32. 32. 32 | P a g e The Company‘s home retail format includes, Home Town and eZone. In addition, the Company sells a wide variety of home ware, kitchenware, home fashion merchandize through its Big Bazaar network. Home Town caters to inspirational, trendy and knowledgeable new home buyers as well as replacement customers. Home Town added 16 new stores, including in 12 new cities, taking its store count to 43 and number of cities it is present in to 21. These stores have a total operational space of 1.3 Mn. Sq. Ft.. The entire Home Town range is now available on, that was acquired by a group Company, and is also available on a number of other online retailers. For its stores Home Town follows a hub-and- spoke model with HT Express extending Home Town‘s reach and presence in new catchments and smaller towns and suburbs. Home Town has now been introduced in a number of Central stores with ―HOMETOWN @ Central‖ Concept. Furniture contributes around two thirds of sales, while its exclusive range of Duracucine Modular Kitchens contribute almost a tenth of the business and the rest comes from home ware and home improvement products. Home Town also offers Design and Build service providing end to- end services form interior decoration to execution and implementation.
  33. 33. 33 | P a g e Home accessories are furniture items which are easy to replace and easy to move, and include almost any items that aren't strictly functionally necessary in the decorated space. These accessories include such items as curtains, sofa sets, cushions, tablecloths and decorative craft products, decorative wrought iron, and so on. These items are commonly used in indoor furnishings and layout and can include cloth items, paintings, and plants. Handicrafts, textiles, collectibles, and things such as lamps, floral items, and plants re-combined to form a new concept. Home accessories vary according to size and shape of room space, the owner's living habits, hobbies, tastes, and their economic situation Decor, Gerenal merchandising Department
  34. 34. 34 | P a g e Home improvement, home renovation, or remodeling is the process of renovating or making additions to one's home. Home improvement can be projects that upgrade an existing home interior (such as electrical and plumbing), exterior (masonry, concrete, roofing), or other improvements to the property (i.e. garden work or garage maintenance/additions). Home Improvement Department Other Language the Home Improvement Law defines "home improvement" as the addition to or alteration, conversion, improvement, modernization, remodeling, repair, or replacement of a building or part of a building that is used or designed to be used as a residence or dwelling place or a structure adjacent to that building; or an improvement to land adjacent to the building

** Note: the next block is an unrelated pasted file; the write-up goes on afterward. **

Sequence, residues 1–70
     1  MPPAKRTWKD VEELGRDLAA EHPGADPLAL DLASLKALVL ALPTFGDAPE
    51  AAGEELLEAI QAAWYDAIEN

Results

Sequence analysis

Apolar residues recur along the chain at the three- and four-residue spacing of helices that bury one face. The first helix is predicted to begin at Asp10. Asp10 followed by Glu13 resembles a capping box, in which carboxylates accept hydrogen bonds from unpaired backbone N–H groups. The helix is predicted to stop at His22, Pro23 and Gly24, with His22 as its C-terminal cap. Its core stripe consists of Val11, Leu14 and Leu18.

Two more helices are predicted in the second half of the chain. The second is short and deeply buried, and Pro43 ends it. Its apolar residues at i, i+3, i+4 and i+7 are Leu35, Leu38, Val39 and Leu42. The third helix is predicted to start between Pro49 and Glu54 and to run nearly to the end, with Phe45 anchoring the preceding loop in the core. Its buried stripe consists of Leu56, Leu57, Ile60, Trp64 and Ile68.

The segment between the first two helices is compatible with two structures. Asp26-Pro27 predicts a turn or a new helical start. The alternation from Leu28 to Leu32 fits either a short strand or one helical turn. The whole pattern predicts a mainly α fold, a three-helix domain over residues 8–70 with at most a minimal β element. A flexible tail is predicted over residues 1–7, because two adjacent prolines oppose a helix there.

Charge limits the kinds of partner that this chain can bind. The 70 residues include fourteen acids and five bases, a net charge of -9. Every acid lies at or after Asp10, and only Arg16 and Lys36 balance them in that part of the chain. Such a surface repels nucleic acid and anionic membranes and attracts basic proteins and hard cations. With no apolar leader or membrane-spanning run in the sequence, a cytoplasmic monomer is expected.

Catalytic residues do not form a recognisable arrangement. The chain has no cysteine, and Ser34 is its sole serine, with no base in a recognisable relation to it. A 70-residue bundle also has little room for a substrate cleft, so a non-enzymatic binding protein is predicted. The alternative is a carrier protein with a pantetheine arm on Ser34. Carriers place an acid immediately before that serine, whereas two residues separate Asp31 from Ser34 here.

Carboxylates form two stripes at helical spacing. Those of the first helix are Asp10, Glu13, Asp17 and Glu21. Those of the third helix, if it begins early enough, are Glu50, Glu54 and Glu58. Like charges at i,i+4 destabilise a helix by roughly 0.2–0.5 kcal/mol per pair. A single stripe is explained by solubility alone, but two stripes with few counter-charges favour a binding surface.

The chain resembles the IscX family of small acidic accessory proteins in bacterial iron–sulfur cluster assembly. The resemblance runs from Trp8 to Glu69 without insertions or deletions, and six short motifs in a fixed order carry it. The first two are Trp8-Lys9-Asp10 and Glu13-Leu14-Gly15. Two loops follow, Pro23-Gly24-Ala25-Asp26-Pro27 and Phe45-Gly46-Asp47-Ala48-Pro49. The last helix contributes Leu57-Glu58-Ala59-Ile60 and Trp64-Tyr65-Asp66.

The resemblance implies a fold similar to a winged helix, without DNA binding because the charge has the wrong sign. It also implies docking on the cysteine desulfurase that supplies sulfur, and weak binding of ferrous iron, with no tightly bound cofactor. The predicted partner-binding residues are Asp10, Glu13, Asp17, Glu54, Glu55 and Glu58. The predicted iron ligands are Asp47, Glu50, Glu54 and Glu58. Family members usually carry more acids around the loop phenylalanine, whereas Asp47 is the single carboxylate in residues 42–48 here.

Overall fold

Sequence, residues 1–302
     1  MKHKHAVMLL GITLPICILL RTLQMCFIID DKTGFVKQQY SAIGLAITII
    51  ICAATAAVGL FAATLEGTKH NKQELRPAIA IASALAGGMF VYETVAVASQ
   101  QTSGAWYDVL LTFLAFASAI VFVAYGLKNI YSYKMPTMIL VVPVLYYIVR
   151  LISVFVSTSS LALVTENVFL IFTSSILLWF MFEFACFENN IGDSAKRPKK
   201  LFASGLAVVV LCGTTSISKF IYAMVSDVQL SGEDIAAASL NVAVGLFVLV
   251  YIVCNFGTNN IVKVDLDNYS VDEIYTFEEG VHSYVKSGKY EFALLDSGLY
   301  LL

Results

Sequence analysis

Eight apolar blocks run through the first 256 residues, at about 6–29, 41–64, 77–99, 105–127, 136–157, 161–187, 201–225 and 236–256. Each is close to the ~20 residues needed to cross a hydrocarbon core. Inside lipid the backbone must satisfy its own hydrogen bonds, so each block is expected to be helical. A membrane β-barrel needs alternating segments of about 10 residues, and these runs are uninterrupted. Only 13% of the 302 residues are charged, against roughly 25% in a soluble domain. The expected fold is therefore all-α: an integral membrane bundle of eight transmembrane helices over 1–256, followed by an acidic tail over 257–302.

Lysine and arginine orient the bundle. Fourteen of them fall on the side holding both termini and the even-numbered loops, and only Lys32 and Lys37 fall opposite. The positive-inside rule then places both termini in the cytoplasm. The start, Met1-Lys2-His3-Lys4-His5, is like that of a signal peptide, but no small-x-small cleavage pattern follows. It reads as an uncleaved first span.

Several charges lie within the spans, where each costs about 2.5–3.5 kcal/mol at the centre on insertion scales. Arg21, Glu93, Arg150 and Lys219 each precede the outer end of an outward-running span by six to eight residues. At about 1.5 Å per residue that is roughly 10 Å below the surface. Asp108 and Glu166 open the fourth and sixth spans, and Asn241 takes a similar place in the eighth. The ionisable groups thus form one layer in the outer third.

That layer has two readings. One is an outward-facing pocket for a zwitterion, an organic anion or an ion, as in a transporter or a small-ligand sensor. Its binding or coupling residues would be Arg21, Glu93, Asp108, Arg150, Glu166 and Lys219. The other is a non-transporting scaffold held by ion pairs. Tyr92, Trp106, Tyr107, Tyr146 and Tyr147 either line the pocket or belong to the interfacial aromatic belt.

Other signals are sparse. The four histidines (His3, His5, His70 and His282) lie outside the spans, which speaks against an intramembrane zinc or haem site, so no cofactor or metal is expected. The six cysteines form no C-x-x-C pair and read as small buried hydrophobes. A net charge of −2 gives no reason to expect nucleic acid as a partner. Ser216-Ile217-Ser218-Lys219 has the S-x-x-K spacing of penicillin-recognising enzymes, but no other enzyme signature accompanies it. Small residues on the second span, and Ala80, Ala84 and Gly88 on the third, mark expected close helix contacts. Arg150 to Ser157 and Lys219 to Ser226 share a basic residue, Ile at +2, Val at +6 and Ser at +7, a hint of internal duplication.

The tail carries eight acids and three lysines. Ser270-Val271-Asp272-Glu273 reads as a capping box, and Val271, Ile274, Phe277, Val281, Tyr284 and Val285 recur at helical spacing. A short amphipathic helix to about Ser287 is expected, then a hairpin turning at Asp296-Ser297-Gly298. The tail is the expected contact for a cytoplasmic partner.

35. 35. 35 | P a g e Furniture Department A couch, sofa, or settee is a piece of furniture for seating three or more people in the form of a bench, with or without armrests, that is partially or entirely upholstered, and often fitted with springs and tailored cushions. Although a couch is used primarily for seating, it may be used for sleeping. In homes, couches are normally found in the family room, living room, den, or the lounge. They are sometimes also found in nonresidential settings such as hotels, lobbies of commercial offices, waiting rooms, and bars. A bed is a piece of furniture which is used as a place to sleep or relax. Most modern beds consist of a soft, cushioned mattress on a bed frame, with the mattress resting either on a solid base, often wood slats, or a sprung base. Many beds include a box spring inner-sprung base, a large mattress- sized box containing wood and springs that provide additional support and suspension for the mattress. Beds are available in many sizes, ranging from infant-sized bassinets and cribs, small beds for a single child or adult, to large queen and king-size beds designed for two adults. A table is an item of furniture with a flat top and one or more legs, used as a surface for working at or on which to place things. Some common types of table are the dining room table, which is used for seated persons to eat meals; the coffee table, which is a low table used in living rooms to display items or serve refreshments; and the bedside table, which is used to place an alarm clock and a lamp
  36. 36. 36 | P a g e Design–build (or design/build, and abbreviated D–B or D/B accordingly) is a project delivery system used in the construction industry. It is a method to deliver a project in which the design and construction services are contracted by a single entity known as the design–builder or design–build contractor. In contrast to "design–bid–build" (or "design–tender"), design–build relies on a single point of responsibility contract and is used to minimize risks for the project owner and to reduce the delivery schedule by overlapping the design phase and construction phase of a project. "DB with its single point responsibility carries the clearest contractual remedies for the clients because the DB contractor will be responsible for all of the work on the project, regardless of the nature of the fault. The traditional approach for construction projects consists of the appointment of a designer on one side, and the appointment of a contractor on the other side. The design–build procurement route changes the traditional sequence of work. It answers the client's wishes for a single point of responsibility in an attempt to reduce risks and overall costs. It is now commonly used in many countries and forms of contracts are widely available. Design & Build Department